To the editor: The standards for high school graduation have been steadily lowered in districts nationwide in a desperate effort to improve graduation rates, especially in lower income minority communities. (“L.A. Unified projects a record 75% graduation rate for Class of 2016,” Aug. 9)
Only fools could believe that students who have demonstrated dismal academic performance over a period of years can achieve competence with a few weeks of make-up work. My school boasts a graduation rate of over 85% while producing less than 40% who are college ready.
Even this teacher, who is no fan of standardized testing, would like to see a common exam that reflects basic high school coursework competence. The recently retired CAHSEE was a pathetic effort to do that. That exam was basically an 8th grade level test instead of a reasonably rigorous high school content assessment.
Congratulations to districts everywhere. You’ve rendered high school diplomas meaningless by replacing even the slightest attempts at academic rigor with academic garbage.
Lee O’Connor, Huntington Beach
To the editor: This Times article notes that there has been a shift from student and parent responsibility to “the responsibility of all district employees.” Students don’t fail anymore, teachers and districts do.
What follows is predictable: students who aren’t performing — oftentimes due to their own lack of interest, motivation and self discipline — must be given new avenues to the finish line. And those roads must be easier, not harder to travel.
What rules and procedures are in place considering these new roads to achievement? The Times is wise to ask questions, especially when there is a sudden turnabout in student performance.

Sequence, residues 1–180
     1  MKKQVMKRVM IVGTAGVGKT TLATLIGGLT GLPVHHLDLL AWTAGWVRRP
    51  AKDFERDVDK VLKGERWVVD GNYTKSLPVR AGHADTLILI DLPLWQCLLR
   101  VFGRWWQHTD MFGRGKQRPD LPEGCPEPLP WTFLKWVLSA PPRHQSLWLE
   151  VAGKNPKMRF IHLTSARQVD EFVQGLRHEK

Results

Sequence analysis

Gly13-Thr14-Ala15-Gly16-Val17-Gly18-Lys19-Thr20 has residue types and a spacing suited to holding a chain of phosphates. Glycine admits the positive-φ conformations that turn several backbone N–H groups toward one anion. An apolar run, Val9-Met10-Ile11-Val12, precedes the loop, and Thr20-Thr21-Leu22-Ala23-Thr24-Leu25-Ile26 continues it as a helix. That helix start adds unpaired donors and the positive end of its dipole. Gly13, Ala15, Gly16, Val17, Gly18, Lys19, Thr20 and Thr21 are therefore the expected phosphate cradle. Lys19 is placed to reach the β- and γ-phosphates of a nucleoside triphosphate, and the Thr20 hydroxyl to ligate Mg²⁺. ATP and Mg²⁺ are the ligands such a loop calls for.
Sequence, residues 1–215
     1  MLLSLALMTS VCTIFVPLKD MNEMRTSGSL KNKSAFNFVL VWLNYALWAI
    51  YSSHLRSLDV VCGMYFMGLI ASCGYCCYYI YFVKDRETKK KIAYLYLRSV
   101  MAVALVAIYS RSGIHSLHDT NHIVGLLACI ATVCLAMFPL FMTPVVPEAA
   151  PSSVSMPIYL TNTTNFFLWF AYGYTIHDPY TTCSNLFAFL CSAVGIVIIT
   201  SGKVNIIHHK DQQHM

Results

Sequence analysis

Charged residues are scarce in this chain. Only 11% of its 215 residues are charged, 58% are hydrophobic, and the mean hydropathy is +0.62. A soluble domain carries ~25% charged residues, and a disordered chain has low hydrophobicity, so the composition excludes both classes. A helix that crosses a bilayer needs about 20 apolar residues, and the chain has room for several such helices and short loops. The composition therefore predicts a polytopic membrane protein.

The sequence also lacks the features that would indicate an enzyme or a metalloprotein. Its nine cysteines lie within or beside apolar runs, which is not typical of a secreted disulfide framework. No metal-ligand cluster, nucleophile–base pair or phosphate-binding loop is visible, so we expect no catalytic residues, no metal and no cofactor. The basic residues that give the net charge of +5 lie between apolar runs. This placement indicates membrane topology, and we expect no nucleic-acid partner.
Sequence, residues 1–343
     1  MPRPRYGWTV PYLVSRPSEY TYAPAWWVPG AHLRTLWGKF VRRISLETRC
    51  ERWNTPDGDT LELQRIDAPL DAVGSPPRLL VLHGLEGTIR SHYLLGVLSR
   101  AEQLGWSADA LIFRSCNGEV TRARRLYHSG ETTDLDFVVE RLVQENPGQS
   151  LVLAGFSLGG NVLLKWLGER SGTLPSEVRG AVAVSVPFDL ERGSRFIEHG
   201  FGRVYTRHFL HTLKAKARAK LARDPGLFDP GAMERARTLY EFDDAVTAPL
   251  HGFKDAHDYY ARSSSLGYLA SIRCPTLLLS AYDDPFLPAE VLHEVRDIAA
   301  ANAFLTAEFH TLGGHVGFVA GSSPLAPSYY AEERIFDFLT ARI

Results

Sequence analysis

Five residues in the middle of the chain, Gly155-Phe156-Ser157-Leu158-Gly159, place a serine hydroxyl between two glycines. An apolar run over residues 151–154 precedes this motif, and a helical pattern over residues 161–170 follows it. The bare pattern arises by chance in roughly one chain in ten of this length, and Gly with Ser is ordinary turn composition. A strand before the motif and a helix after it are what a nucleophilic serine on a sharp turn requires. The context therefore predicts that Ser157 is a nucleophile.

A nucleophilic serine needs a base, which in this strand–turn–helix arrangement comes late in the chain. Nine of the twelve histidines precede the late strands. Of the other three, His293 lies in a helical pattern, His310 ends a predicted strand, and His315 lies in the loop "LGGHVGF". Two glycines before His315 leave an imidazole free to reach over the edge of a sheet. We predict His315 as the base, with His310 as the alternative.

Stan Brown, Victorville
To the editor: It seems that many thousands of Los Angeles high school seniors who have trouble computing with common fractions, decimals and percents wind up failing algebra, register for remediation, are given a “Gift D,” are now eligible for diplomas, graduate, enter college, and must take one or more no-credit remedial mathematics classes.
And the LAUSD then boasts about its high graduation rate.
Michael Wiener, Encino
The young man highlighted in your article illustrates the difficulty this generation of students are having with STEM. He stated that he worked the “hardest he has ever worked” in his introductory physics class and “just” earned a B-. I see nothing wrong with working as hard as you possibly can and earning a B.
The beauty of mathematics and science is in the journey toward a solution. It is the hidden gift of STEM, in which you learn how to think critically and problem solve.
Jason Y. Calizar, Torrance